Vagrant is a program that enables you to create portable and reproducible development environments easily supporting many hosts and guests operating systems and various features such as synced folders, forwarded ports and support for famous provisioners such as Chef, Puppet or Ansible.
If you have been using tools like Virtual Box you may think of it such as a scripting engine for VirtualBox. What are the use cases for Vagrant over Virtual Box ?
You need to set up quickly multi networks. Vagrant gives you a single config file to set these up, enabling you to launch all of them with one command. Simply edit the Vagrantfile and reload the VMs, whereas with VirtualBox you’d have to open the settings for each VM, and change them inside.
2) Multi platform
There’s a large number of boxes available at sites such as http://vagrantbox.es. This enables you to try various OSes or distributions, applying the same provisioning to set up similar environments. This can help with testing or adding support to new platforms, and would be time-consuming using just VirtualBox.
3) Shareable configuration files
The configuration is stored in a text file called Vagrantfile which can be easily versioned and shared. So in case you had problems with your image just revert the changes and reload the VM!
Hello World Vagrant
Vagrant uses boxes – essentially virtual machines pre-configured with software – as the starting unit of any configuration. You can find a ton of existing boxes at atlas.hashicorp.com – if one suits your needs exactly, you can use it directly. If it’s close, you can create a new one based on it. You can also build your own boxes from scratch using Virtualbox.
To install plain Vagrant package, run:
$ yum install vagrant
This will install base Vagrant package which is what you want in case you only need to use Vagrant with Docker or provider that is currently not directly supported in Fedora such as VirtualBox. Next, try the vagrant command from your OS prompt. You should get something looking like this:
$ vagrant Usage: vagrant [options] <command> [<args>] -v, --version Print the version and exit. -h, --help Print this help. Common commands: box manages boxes: installation, removal, etc. destroy stops and deletes all traces of the vagrant machine global-status outputs status Vagrant environments for this user halt stops the vagrant machine help shows the help for a subcommand init initializes a new Vagrant environment by creating a Vagrantfile login log in to HashiCorp's Atlas package packages a running vagrant environment into a box plugin manages plugins: install, uninstall, update, etc. provision provisions the vagrant machine push deploys code in this environment to a configured destination rdp connects to machine via RDP reload restarts vagrant machine, loads new Vagrantfile configuration resume resume a suspended vagrant machine ssh connects to machine via SSH ssh-config outputs OpenSSH valid configuration to connect to the machine status outputs status of the vagrant machine suspend suspends the machine up starts and provisions the vagrant environment version prints current and latest Vagrant version For help on any individual command run `vagrant COMMAND -h`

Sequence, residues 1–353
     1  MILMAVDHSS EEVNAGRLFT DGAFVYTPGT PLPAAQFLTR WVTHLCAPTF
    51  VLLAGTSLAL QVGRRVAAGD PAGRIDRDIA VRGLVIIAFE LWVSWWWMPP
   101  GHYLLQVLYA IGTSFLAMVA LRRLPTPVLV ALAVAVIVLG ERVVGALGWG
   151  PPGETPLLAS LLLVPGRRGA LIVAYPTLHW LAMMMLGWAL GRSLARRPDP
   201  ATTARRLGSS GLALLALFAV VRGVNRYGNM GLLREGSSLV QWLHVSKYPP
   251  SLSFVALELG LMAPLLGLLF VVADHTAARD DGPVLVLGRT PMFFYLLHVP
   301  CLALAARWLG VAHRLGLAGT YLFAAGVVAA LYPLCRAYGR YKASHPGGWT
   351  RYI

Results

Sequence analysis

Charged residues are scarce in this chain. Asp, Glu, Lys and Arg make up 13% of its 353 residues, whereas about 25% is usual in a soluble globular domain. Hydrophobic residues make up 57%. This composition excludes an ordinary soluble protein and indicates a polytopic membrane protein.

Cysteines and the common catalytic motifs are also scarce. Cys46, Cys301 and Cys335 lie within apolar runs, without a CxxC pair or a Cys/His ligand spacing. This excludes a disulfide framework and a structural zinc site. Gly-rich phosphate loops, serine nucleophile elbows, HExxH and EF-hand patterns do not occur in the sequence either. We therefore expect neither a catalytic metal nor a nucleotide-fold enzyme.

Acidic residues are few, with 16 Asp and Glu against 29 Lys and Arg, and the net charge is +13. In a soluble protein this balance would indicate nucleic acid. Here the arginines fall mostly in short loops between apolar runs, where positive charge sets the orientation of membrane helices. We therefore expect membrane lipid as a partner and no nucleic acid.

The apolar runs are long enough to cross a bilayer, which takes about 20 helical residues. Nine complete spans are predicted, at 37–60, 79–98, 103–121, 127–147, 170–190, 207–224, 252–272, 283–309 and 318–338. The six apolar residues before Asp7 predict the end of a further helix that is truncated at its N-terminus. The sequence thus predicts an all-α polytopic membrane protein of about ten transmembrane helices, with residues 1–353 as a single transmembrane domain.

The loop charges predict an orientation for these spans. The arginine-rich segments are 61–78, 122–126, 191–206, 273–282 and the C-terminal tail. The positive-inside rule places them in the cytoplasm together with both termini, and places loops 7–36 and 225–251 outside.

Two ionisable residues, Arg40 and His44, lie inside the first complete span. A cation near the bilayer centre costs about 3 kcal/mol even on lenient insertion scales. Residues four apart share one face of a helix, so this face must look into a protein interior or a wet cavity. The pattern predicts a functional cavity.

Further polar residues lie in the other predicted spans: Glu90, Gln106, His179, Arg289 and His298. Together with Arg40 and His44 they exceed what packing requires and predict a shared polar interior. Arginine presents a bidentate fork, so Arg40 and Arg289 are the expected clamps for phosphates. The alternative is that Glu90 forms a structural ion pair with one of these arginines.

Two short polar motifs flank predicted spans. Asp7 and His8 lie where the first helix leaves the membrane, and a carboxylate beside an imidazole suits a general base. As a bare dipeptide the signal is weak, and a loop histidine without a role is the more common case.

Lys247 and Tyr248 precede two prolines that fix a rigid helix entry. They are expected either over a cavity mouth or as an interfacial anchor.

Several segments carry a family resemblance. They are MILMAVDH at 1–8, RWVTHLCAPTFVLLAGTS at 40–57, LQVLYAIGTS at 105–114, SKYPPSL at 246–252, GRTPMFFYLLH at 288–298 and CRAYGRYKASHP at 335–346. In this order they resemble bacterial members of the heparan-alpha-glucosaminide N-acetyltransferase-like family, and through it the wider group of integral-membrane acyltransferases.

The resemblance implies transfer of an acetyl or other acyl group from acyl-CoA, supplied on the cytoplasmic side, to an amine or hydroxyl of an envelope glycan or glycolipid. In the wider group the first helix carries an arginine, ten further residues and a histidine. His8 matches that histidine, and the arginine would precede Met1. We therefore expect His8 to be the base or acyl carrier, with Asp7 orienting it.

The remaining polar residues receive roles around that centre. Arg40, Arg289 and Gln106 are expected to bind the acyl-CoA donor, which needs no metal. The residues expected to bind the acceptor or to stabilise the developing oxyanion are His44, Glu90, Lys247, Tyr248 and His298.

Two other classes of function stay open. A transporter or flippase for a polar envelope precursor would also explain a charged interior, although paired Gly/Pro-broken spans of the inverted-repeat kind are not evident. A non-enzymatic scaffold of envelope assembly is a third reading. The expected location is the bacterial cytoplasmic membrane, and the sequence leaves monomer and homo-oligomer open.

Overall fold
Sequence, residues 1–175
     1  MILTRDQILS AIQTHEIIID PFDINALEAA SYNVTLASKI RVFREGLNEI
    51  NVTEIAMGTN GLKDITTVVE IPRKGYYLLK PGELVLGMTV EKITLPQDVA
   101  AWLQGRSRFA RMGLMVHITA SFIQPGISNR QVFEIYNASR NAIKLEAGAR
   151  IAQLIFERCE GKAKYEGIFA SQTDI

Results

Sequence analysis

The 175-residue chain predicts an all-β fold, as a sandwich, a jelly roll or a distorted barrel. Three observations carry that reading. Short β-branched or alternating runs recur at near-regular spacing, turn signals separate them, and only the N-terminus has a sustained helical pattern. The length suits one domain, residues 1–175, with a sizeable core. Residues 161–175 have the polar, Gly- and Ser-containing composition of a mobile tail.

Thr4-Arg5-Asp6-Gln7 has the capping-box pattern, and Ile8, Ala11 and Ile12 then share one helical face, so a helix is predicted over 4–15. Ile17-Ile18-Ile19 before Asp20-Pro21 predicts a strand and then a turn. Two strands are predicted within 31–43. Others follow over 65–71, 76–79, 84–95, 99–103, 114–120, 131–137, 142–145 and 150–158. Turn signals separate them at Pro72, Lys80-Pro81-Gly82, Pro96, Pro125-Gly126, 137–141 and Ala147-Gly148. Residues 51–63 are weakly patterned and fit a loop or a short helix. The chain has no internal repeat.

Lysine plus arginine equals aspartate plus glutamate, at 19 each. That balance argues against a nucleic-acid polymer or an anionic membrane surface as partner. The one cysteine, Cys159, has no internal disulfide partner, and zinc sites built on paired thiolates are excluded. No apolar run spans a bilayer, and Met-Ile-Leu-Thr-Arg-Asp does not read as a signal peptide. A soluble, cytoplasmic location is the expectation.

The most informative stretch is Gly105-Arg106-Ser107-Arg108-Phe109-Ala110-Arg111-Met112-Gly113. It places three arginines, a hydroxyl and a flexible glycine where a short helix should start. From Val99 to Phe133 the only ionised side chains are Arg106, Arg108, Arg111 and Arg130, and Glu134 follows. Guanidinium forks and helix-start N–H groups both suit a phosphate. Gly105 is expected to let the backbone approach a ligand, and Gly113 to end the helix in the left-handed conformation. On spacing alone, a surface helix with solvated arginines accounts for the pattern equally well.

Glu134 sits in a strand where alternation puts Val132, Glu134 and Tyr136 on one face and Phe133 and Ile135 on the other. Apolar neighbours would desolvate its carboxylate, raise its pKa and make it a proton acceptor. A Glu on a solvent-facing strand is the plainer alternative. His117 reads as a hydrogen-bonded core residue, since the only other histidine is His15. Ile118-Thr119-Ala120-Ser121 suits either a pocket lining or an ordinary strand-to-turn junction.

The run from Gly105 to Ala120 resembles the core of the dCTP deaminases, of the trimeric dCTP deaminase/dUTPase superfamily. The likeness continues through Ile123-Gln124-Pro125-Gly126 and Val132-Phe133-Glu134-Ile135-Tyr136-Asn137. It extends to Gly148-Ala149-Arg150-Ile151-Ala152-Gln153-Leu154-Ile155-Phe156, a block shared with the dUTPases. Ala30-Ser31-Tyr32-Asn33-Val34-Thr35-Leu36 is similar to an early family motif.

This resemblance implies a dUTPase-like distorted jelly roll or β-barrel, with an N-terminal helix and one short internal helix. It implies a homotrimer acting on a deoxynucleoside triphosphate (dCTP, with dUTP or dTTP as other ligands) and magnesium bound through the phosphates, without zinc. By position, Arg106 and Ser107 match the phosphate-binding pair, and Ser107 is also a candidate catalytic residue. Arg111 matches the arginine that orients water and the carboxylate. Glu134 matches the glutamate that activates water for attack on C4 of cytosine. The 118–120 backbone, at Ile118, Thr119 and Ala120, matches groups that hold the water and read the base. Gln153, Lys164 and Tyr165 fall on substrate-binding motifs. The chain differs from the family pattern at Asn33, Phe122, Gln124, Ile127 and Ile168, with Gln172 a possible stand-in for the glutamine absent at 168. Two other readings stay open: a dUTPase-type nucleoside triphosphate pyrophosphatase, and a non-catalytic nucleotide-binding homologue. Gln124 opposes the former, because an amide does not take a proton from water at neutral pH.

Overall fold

Now you’re ready to try configuring a virtual machine. Every Vagrant development environment requires a box. You can search for boxes at https://atlas.hashicorp.com/search. We will use the fedora/23-cloud-base box so enter:
$ vagrant init fedora/23-cloud-base
You will see a Vagrantfile has been created for you. The primary function of the Vagrantfile is to describe the type of machine required for a project, and how to configure and provision these machines. The syntax of Vagrantfiles is Ruby, but knowledge of the Ruby programming language is not necessary to make modifications to the Vagrantfile, since it is mostly simple variable assignment.
# All Vagrant configuration is done below. The "2" in Vagrant.configure # configures the configuration version (we support older styles for # backwards compatibility). Please don't change it unless you know what # you're doing. Vagrant.configure(2) do |config| config.vm.box = "fedora/23-cloud-base" end
Now, let’s boot the server:
$ vagrant up
Vagrant spins up a virtual machine using the selected box image. You can choose the VM provider for starting the VM. The default is virtualbox if you leave the –provider flag out of your vagrant up command.
You can check the status of the VM with:
$ vagrant status Current machine states: default running (libvirt)
Once the machine is up and running, you can connect to it as the vagrant user:
$ vagrant ssh
The Vagrant user you’ll connect to is usually named vagrant with a password of vagrant, but that isn’t actually required. In fact, Vagrant creates and signs special SSH keys between your host machine and the box, so that you don’t have to enter passwords to work in the command line. Your user traditionally is granted sudo rights, so a simple su – is all you need to get in as Root.
Once in the VM shell, you can check the IP address assigned to the VM:
$ ifconfig eth0: flags=4163<UP,BROADCAST,RUNNING,MULTICAST> mtu 1500 inet 192.168.121.192 netmask 255.255.255.0 broadcast 192.168.121.255 inet6 fe80::5054:ff:fe82:93f prefixlen 64 scopeid 0x20<link> ether 52:54:00:82:09:3f txqueuelen 1000 (Ethernet) RX packets 1203 bytes 92341 (90.1 KiB) RX errors 0 dropped 2 overruns 0 frame 0 TX packets 355 bytes 49444 (48.2 KiB) TX errors 0 dropped 0 overruns 0 carrier 0 collisions 0
Once completed, return to the host and stop the VM with:
$ vagrant halt